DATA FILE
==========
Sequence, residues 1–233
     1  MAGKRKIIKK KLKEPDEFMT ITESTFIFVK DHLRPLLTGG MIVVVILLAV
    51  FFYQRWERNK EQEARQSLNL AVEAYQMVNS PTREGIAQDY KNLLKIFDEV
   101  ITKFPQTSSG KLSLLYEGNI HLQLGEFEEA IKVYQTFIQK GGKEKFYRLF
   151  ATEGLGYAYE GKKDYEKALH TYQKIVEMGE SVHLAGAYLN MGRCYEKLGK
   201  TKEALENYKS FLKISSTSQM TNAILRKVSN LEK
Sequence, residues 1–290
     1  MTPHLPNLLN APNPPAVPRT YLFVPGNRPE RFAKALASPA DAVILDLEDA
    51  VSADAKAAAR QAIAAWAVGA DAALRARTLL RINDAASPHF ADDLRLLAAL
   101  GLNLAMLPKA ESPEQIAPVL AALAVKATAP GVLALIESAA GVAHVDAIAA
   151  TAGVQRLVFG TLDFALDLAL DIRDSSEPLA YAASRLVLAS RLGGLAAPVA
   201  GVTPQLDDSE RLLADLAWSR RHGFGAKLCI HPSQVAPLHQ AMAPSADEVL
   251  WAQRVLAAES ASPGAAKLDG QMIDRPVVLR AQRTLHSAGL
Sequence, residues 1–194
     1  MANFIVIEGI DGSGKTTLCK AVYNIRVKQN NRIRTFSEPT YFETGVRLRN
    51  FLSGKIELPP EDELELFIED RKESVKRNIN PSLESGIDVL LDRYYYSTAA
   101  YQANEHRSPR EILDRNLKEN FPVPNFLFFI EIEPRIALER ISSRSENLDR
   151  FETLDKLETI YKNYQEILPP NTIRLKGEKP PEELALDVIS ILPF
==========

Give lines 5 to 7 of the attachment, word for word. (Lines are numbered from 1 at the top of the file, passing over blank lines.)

   151  ATEGLGYAYE GKKDYEKALH TYQKIVEMGE SVHLAGAYLN MGRCYEKLGK
   201  TKEALENYKS FLKISSTSQM TNAILRKVSN LEK
Sequence, residues 1–290